NDA News

Divorced Spouses and Social Security Disability Benefits

If you or your ex-spouse became disabled during the course of your marriage, you may have found yourselves depending on Social Security disability benefits to get by. You may be familiar with the ways marriage affects your eligibility for specific benefits.

For example, Social Security Disability Insurance often offers extra cash payments per month for family members if you are receiving benefits based on your work history. Supplemental Security Income, a needs-based disability benefits program, will count your combined marital assets when determining if you qualify for cash payments.

If you or your ex-spouse were receiving Social Security disability benefits before the divorce, your disability benefits may be affected depending on which program was administering your benefits. If you or your ex-spouse were receiving SSDI, you may wonder if divorced spouses qualify for auxiliary benefits. If one of you was receiving SSI prior to the divorce, you may now have to account for the splitting of assets post-divorce.

Table of Contents

If I get divorced, are my Social Security disability benefits affected?

It depends on whether you are receiving Social Security Disability Insurance or Supplemental Security Income.

If you are receiving Social Security Disability Insurance, then you may be aware of auxiliary benefits for family members. These benefits include spousal disability benefits for current spouses or ex-spouses. There is a limit placed on a combined SSDI benefit and auxiliary benefits. A divorce does not impact the limit applicable to the disability benefits you or a new spouse may receive.

If you are receiving Supplemental Security Income, marriage and divorce will affect how much you can receive in SSI benefits. Eligibility for Supplemental Security Income depends on your income and resources, the limits for which are different for single people and married couples. Your resources must be worth less than $2,000 if you are single or $3,000 if you are married. If you get divorced, your eligibility for SSI benefits will be affected by both your marital status and how resources are divided between you and your ex-spouse during the divorce.

If I apply for Social Security disability benefits, can my divorced spouse get auxiliary benefits?

Yes. Auxiliary benefits are a type of benefit members of your household may receive when you get Social Security Disability Insurance. Divorced spouses are eligible for these auxiliary benefits on your record, even if you remarry.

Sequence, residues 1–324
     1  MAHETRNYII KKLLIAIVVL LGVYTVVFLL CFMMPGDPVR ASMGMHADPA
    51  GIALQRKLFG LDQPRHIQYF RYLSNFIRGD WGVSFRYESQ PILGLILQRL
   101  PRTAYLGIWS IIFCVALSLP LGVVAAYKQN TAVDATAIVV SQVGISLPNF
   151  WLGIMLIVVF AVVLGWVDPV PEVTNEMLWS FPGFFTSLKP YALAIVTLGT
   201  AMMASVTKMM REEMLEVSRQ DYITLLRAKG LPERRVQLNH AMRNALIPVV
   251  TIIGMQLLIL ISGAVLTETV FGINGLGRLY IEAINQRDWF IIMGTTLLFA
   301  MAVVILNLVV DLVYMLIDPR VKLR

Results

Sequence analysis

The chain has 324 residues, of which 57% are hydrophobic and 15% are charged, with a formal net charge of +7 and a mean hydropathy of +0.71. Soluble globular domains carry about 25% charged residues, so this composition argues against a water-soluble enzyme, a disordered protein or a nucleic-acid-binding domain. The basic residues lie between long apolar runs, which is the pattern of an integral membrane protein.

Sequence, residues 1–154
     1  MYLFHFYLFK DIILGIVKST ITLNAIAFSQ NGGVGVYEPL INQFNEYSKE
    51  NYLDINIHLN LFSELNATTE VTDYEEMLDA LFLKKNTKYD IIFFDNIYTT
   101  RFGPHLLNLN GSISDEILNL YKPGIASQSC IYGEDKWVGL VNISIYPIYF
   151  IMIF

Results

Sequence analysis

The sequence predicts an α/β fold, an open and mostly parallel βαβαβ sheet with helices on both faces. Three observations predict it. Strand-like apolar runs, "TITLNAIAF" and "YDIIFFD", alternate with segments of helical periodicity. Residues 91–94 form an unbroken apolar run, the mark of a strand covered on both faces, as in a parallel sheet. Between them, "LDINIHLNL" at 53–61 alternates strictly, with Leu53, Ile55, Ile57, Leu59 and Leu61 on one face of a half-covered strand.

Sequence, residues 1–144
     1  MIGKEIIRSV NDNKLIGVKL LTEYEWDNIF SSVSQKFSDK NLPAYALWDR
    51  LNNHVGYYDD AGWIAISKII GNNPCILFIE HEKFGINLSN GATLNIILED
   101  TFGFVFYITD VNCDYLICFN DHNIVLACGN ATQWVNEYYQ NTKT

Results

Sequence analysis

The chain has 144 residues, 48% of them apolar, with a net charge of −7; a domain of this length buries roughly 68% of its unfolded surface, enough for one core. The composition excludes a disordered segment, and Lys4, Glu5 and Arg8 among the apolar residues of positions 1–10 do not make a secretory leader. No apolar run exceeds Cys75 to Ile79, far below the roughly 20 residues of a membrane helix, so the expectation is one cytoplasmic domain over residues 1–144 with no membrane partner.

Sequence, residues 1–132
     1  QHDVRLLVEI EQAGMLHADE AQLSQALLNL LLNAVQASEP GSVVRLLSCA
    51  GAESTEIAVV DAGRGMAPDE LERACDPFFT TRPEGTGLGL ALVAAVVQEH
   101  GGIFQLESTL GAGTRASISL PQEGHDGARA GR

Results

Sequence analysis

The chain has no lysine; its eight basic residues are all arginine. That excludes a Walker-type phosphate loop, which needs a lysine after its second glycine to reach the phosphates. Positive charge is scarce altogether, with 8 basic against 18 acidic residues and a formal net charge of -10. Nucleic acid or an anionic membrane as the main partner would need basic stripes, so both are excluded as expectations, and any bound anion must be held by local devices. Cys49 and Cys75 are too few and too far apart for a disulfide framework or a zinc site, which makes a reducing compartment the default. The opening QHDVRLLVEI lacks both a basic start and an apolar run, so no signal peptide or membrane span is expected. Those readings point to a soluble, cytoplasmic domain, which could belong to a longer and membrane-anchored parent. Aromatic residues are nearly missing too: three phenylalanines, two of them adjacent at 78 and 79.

However, there are limits. Your divorced spouse has to have been married to you for at least 10 years, be at least 62 years old, remain unmarried, and not be eligible for equal or higher benefits on their own Social Security record or someone else’s.

If your divorced spouse also receives a pension based on work not covered by Social Security, such as government or foreign work, their auxiliary benefits may be affected.

If you get divorced, the amount of disability benefits payable to your divorced spouse has no effect on the amount of disability benefits you or your new spouse can receive.

If I get a divorce, can my disability benefits be garnished for alimony or child support?

If you get a divorce and receive Social Security Disability Insurance, your SSDI benefits may be garnished in order to collect unpaid child support and/or alimony. Your benefits are not garnished in a lump sum. Instead, a certain percentage is garnished from each monthly payment.

Supplemental Security Income cannot be garnished for alimony or child support.

If my divorced spouse died, can I collect on his or her Social Security disability benefits?

If you are a divorcee whose late ex-spouse received Social Security disability benefits, you may qualify for survivor benefits from the Social Security Administration.

If your marriage lasted at least 10 years before your divorce and your ex-spouse’s death, you may be able to receive the same survivor benefits as that of a regular spouse. Benefits paid to you under these circumstances won’t affect the benefit amounts paid to other survivors on the deceased worker’s record.

However, remarriage may affect your eligibility for survivors benefits based on your deceased ex-spouse’s record. The exception to this is if you remarry after age 60, or if you remarry after age 50 and have a disability.

If you are caring for a disabled child under age 16 who receives child disability benefits on your deceased ex-spouse’s record, you may receive these survivor benefits even if the marriage was shorter than 10 years. In order for you to qualify for this exception, the ex-spouse has to be the child’s biological or legally adoptive parent. These benefits will affect the benefits amounts paid to other survivors on the deceased worker’s record.

Find Out If You Qualify

If you are unable or no longer able to work due to a disability, you should get
the benefits that you need. Get a free case review today.

Complete our form below or call us at 833-MY-DISABILITY .